Much more than bragging rights at stake
Newcastle United could experience one of two feelings on Sunday night, either business as usual after avoiding defeat at St James' Park against Sunderland - or the first defeat in this fixture for 12 years.
Down the years, the impact of the derby has been there for all to see when it comes to the two bitter rivals going head to head.
In recent clashes it could even be argued that Sunderland's whole business plan revolves around winning the derby.
A repetitive cycle seems to have unfolded in recent years.
It goes a little bit like this, Sunderland lose a derby, fans are angry at the manager.
It has a knock-on effect in the next sequence of games, fans get angrier at the manager.
Manager leaves club.
Get a new manager, win a few games.
Fans get excited about prospect of winning a derby, Sunderland lose derby.
The cycle then repeats itself.
At this stage we are about to see if Martin O'Neill can break that cycle.
And then we'll be talking about whether the bragging rights will end up on Wearside or Tyneside for the next few months.
(Below is a video posted on to Twitter by @iwantcurlyhair2 who feels SAFC fans believe NUFC are the "centre of their world", the video is not of Sunderland winning promotion or winning a cup, merely celebrating Newcastle going down)
Bragging rights is a term that both Newcastle United and Sunderland fans both cringe at but come Sunday night neither set of supporters will want to be without them, yes it's that old phrase: "The bragging rights."
In the build-up to the Tyne-Wear derby we're already accustomed to this phrase and talk of "form books going out of windows" while the old adage of who will be the "North-East top dogs" could be decided much earlier than expected this weekend.
Recently, I interviewed former Premier League referee Graham Poll and given the old top flight whistler is classed as something of an outsider, it was refreshing to see that the ex-World Cup ref actually seemed to have a greater understanding of the North-East derby than most that live out of the region.
Poll felt the Tyne-Wear experience wasn't like any of the other derby around the country due to the "intensity" of the powder-keg fixture.
True enough, Rangers v Celtic is right up there, but the fact they play each other every five minutes takes away that intensity in my opinion.
Liverpool v Everton is big, but could you really see Newcastle and Sunderland fans sitting side by side at the fixtures as has been the case down the years on Merseyside?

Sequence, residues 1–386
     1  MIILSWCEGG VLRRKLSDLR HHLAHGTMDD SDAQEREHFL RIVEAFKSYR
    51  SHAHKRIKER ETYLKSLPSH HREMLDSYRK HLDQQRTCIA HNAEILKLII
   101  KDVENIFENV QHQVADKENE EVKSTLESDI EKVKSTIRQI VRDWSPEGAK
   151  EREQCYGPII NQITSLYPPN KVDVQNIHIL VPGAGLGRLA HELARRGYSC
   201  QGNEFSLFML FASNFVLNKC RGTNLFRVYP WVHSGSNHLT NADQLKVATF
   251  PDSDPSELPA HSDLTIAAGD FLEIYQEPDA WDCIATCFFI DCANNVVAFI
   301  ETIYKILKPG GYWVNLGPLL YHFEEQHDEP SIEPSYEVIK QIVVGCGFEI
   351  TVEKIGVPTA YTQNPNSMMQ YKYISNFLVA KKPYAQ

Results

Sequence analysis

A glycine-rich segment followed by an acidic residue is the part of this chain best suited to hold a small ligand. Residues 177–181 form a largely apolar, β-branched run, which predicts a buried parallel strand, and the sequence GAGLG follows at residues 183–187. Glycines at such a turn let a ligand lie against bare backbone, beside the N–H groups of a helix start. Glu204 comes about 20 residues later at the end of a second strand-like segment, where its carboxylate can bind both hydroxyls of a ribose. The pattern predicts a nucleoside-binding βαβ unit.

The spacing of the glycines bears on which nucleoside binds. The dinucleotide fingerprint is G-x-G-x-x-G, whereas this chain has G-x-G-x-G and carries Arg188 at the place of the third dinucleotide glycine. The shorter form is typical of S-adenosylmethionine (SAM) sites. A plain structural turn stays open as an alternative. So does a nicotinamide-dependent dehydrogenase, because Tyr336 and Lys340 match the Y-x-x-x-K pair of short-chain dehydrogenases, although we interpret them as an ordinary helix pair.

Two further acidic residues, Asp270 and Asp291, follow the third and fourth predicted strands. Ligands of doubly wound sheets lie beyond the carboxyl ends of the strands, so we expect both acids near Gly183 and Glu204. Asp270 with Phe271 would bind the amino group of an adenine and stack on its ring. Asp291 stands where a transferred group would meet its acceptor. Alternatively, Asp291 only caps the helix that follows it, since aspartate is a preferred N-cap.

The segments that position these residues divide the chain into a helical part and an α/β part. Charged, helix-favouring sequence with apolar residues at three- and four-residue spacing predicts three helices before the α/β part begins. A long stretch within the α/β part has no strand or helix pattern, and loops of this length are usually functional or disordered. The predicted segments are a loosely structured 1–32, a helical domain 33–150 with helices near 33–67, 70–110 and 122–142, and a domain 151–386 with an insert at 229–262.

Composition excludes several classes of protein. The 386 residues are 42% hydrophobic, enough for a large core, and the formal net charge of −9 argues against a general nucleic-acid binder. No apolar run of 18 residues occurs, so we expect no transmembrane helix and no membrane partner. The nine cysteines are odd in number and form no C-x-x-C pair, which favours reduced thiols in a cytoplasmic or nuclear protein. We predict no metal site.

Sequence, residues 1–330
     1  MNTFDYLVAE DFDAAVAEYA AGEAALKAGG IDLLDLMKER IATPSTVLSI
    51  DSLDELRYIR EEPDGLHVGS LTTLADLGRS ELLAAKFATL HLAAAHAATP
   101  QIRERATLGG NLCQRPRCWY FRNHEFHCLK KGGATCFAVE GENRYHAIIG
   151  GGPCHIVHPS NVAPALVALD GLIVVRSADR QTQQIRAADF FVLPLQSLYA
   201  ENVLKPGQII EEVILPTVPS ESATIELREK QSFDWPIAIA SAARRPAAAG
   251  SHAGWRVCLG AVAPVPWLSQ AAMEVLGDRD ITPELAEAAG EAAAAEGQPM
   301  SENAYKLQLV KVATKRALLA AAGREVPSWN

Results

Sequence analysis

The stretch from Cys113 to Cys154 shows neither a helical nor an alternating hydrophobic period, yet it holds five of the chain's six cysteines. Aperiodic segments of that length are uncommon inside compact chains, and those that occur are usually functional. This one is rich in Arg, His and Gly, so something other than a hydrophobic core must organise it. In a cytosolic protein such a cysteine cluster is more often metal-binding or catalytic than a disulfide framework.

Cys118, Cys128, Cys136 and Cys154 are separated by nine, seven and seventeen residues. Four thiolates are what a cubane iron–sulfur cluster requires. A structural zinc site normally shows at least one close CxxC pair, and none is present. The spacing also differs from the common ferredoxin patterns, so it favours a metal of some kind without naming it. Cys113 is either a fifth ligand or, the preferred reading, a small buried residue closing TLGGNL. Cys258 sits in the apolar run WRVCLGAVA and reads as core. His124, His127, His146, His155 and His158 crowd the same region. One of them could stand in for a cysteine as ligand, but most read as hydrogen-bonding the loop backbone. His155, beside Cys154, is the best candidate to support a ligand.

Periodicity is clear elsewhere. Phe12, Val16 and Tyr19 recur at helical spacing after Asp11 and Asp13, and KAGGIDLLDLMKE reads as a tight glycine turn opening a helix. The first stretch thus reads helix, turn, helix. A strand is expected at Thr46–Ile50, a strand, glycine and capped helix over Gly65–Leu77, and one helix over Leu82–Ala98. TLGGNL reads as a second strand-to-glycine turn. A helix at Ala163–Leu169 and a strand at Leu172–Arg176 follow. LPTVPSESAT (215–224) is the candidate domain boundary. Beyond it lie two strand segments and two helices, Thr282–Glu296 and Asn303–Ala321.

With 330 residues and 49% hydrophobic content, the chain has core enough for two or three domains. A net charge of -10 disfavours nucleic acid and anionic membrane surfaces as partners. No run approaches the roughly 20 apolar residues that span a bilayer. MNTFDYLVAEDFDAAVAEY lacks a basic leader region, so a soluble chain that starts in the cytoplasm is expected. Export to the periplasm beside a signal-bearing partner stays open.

London derbies are nothing like what we have up here, with Alan Pardew himself admitting they come around as often as red London buses.
Pardew is another who gets it, which hasn't always been the case on Tyneside.
Remember Ruud Gullit claiming it wasn't as big because it was the "derby of the region" and not like the Milan derby.
Then there was Joe Kinnear who shrugged off Newcastle's ONLY ever loss at the Stadium of Light as "just another game".
Pardew knows that defeat is unthinkable in these parts and won't want to be the first man to lose a home derby for 12 years.
The fixture is all about retaining pride between now and next season for both sets of fans.
Lose on Sunday and either set of supporters will have to wear the defeat between now and at least next August.
Yet this fixture means more than local pride this season.
Newcastle are still gunning for Europe, and while Martin O'Neill has done a magnificent job on Wearside he is still on course to be the first manager in three seasons to finish below the Magpies.
Yes, while Newcastle have bossed previous derbies Sunderland fans have had to clutch to finishing ahead of the Magpies.
In 2008/09, it wasn't easy to be better than a Toon team that had gone through four managers and been up for sale twice before an inevitable relegation.
The next higher finish came with Newcastle in the division below, while last season Sunderland climbed above Newcastle in the last minute of the campaign after United threw away a 3-0 lead over West Brom.
But does this really mean that Sunderland are any bigger in the eyes of their fans?
Since the Premier League kicked off Newcastle have collected 995 points while Sunderland sit on 428 after a host of no-show seasons in the top flight and a fair few relegations.
Would Sunderland fans swap all that for winning a derby 5-1? Or even 1-0?
One Tweet I spotted this week was that a 40-year-old Sunderland fan has seen their side relegated more than they have won in a derby.
But 12 years without a win on Tyneside must be painful.
In the world of Twitter that we live in, it's easy for frustration to be projected back and forwards between rival fans.
And I've had the argument from Sunderland fans that Newcastle aren't a big club.
I'm not sure I hear Newcastle fans running around saying that too often anyway to be honest, after all United haven't won anything since 1969 and the attendances are still smashing all of those around them.
Newcastle's European record also dwarfs that of Sunderland with over 100 European games in the bag for United and three Champions League qualifications.
But the only thing that will matter on Sunday night is who takes the points.
Nothing will be bigger than that after another high noon showdown.